On Being a Different Sized Fish in Different Sized Ponds -- Where should I live after graduation?

in #moving3 years ago (edited)

Most of the subject matter in @phillyhistory's course has been based around Philadelphia.

That makes sense. I go to school in Philadelphia, a large city full of examples for learning about the cultural sector.

Most of our lessons have been unsettling

In this large city full of examples for learning about the cultural sector, there don't seem to be many job opportunities. Our readings have painted a picture of a struggling collection of institutions that face perpetual underfunding and a related inability to catch up with technological advances.

Yet, despite the overall negative outlook, in one of our early class meetings, we looked at this rosy graphic produced by the Greater Philadelphia Cultural Alliance of the number of full-time equivalent cultural jobs in various metropolitan centers.

While Philly is in 2nd place, it just so happens that another one of the areas in this graphic is where I'm considering moving after my time in Philadelphia: St. Petersburg, Florida.

The very cool Salvador Dali Museum in St. Pete, courtesy of Scoutology. Maybe they'll hire me!

I lived in Florida from age 6 through college. Most of my early experiences in cultural instutitions as a volunteer, intern, or contracted employee took place there. While I've been in Philadelphia for less than a year, in terms of opportunities, the two places feel profoundly different.

So, I'm starting to feel like I'll be better off starting my career in 7th place St. Pete instead of 2nd place Philadelphia. Why is that?

1. There is an obvious difference in size

In 2016, St. Petersburg's total city population was 263,768, while Philadelphia's was over 1.5 million.

In the metaphor of cities as ponds, Philadelphia is a decidedly big pond. In it, I feel like a pretty small fish. Sure, more people may mean more opportunities, but as our readings have shown, it also means more competition for jobs and funding.

I think that I may have more opportunities in St. Petersburg because I am a much bigger fish in that much smaller pond, but I think there's more going on than just differences in size.

2. There's a difference in median age

According to this graphic published by the city's official website, St. Petersburg's median age in 2017 was 42.4 years old.

In 2016, the Pew Charitable Trust noted that Philadelphia's median age dropped 35.3 years in 2005 to 33.8 in 2014.

That almost 10-year difference is notable. I seem much younger in St. Pete than I do in Philly, which can be a good thing for a getting a job.

Bottom line: I think that my youth is more attractive and employable in St. Pete than it is in Philadelphia

Whether or not my youth actually means I'm more adept at technology or keen to what's cool/marketable, I feel like in St. Pete, there's a perception that that's the case.

In order to survive, cultural sectors all over the country need to adapt to new technologies. Whether it be through platforms like Steemit or something as simple as establishing a Twitter account, I think that my youth and related adeptness with technology is rarer and thus perceived as more valuable in St. Petersburg. Though there may be fewer opportunities in that smaller pond, there will be fewer young people with the same skills and education as me vying for them.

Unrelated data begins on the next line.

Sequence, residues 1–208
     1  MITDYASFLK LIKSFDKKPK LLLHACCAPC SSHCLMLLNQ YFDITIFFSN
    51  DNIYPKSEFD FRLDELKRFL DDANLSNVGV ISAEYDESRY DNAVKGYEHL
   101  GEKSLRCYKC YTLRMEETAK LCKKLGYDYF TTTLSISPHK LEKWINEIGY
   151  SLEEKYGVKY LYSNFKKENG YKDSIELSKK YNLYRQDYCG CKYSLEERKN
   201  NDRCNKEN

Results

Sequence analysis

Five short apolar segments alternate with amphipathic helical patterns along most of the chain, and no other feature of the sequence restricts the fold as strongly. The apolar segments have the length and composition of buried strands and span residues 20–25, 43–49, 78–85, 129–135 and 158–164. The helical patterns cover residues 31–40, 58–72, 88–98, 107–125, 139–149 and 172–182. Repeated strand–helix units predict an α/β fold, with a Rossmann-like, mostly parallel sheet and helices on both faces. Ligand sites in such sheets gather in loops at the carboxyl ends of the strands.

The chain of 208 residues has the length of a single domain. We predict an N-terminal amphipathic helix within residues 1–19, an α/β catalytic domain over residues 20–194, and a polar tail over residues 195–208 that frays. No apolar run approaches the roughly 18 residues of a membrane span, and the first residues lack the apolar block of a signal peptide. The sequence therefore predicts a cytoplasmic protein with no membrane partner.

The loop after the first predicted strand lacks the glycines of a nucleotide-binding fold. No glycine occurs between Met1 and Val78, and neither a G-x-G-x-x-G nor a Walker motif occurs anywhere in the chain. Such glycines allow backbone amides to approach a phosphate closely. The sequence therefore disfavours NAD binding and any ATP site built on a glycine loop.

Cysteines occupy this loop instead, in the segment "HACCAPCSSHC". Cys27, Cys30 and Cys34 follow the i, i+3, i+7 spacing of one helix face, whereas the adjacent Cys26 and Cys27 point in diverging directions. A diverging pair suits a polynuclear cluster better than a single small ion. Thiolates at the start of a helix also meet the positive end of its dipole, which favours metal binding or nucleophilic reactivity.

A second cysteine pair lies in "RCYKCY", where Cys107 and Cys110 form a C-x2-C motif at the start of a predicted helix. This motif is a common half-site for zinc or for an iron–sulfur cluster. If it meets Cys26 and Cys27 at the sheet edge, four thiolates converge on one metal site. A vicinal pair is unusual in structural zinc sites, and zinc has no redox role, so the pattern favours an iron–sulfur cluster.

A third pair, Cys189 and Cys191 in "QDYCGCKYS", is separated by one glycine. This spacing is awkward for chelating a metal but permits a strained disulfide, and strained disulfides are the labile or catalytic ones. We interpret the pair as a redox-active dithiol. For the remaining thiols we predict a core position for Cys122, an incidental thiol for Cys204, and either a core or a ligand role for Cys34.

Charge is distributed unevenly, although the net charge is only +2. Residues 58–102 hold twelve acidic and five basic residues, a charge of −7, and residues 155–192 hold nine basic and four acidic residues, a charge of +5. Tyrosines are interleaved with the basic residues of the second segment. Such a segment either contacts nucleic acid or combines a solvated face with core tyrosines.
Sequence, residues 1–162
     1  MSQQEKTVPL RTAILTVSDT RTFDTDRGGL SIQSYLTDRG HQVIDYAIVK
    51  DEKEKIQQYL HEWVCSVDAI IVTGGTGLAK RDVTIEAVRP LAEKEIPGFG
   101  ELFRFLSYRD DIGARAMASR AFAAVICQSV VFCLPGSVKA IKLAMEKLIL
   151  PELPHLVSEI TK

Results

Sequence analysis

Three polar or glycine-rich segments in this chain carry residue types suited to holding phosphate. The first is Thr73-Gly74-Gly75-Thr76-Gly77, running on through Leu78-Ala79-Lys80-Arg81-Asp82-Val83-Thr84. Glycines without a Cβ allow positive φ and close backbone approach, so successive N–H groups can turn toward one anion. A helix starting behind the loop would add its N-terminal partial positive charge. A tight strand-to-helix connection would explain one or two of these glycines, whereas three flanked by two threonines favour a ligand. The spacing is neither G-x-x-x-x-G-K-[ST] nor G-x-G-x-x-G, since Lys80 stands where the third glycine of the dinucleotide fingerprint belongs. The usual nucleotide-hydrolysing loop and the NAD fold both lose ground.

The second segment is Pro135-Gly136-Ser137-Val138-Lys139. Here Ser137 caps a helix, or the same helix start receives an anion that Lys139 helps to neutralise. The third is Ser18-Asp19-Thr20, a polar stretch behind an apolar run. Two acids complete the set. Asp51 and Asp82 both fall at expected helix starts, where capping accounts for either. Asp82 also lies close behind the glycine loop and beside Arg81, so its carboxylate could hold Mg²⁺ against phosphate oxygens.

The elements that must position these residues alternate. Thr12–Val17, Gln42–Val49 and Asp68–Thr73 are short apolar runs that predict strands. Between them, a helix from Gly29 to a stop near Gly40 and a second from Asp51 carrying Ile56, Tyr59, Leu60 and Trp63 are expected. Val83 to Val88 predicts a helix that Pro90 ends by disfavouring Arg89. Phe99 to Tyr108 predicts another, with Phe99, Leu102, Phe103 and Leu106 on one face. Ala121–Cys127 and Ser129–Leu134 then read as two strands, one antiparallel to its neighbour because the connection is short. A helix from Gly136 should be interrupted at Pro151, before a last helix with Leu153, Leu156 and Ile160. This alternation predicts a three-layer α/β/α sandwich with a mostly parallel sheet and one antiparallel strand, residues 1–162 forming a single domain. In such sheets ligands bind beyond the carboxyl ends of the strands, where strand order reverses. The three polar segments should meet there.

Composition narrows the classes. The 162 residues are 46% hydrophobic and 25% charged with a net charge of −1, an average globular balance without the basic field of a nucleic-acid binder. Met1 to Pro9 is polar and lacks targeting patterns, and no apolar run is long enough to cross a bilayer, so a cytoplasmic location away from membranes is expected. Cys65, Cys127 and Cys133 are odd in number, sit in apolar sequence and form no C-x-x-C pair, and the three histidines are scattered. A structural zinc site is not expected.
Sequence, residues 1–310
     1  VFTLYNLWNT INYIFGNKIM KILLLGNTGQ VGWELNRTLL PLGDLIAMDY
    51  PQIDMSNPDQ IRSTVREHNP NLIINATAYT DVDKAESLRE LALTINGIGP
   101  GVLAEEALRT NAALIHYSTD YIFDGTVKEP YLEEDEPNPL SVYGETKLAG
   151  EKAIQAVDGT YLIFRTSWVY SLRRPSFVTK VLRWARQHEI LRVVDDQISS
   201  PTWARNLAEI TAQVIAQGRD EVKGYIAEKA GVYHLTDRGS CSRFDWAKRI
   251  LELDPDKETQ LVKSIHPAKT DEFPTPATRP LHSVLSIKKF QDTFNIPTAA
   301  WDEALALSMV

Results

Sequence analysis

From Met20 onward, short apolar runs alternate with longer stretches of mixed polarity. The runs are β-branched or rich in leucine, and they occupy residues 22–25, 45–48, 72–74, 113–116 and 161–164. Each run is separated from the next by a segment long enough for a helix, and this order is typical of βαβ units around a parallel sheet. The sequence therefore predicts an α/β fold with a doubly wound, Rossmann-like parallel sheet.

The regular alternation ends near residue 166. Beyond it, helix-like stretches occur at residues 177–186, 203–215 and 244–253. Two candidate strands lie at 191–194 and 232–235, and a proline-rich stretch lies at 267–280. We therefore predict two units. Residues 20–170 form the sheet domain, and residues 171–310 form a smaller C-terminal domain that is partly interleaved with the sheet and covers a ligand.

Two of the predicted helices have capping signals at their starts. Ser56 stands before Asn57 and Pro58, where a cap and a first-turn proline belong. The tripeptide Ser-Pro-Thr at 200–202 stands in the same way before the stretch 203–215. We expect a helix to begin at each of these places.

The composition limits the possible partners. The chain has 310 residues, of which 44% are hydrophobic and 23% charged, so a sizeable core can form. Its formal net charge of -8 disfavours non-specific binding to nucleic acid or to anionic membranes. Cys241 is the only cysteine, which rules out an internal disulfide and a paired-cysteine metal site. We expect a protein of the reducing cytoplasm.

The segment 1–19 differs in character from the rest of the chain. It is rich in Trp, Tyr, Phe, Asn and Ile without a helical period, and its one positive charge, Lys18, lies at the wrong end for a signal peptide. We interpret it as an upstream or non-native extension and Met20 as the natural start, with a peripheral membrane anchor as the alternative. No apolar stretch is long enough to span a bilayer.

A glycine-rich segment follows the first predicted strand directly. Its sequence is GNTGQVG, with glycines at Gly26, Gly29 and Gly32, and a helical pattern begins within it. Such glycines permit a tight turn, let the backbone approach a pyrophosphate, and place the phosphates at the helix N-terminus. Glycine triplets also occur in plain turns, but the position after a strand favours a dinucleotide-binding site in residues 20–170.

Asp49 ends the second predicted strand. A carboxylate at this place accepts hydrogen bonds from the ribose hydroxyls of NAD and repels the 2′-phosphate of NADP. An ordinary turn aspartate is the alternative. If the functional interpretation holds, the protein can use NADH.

What do you think? Should I stay in the big city, or am I right to want to be a big fish in a smaller pond?


100% of the SBD rewards from this #explore1918 post will support the Philadelphia History initiative @phillyhistory. This crypto-experiment is part of a graduate course at Temple University's Center for Public History and is exploring history and empowering education to endow meaning. To learn more click here.

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Would love to have you stay in Philly, @jfeagan, but I think you make some convincing points. It seems like one more checkmark in the pro-St. Pete column is that I suspect there may be fewer public history students and museum studies folks being produced in the greater metro area than here in Philly? Could mean less competition.

On the other hand, I could see a high median age as negative, a sign that cultural organizations in the St. Pete region might be reluctant to change in order to appeal to younger audiences? It's hard for me to grasp what ten years of difference in median age really looks like though!

Anyway, we will cheer you on whether you stay or go!

A bunch of great points, Ted! You're definitely right that there are fewer public history students. But you're also right that an older population may come with some negatives. It may be harder getting older populations to change technologies and confront challenging narratives that I'd want to highlight.

I think it is probably best to go wherever you can get a job first. Work to gain experience and then choose where you want to live once you've built up your resume.

With that said, St. Pete is clearly the best because of its proximity to Manatees, the most important animal in the world.

That's true! Perhaps I should look at jobs with aquatic organizations. St. Pete is definitely the winner in that department.

Interesting! Go to this post and scroll down to “Most of our lessons have been unsettling."

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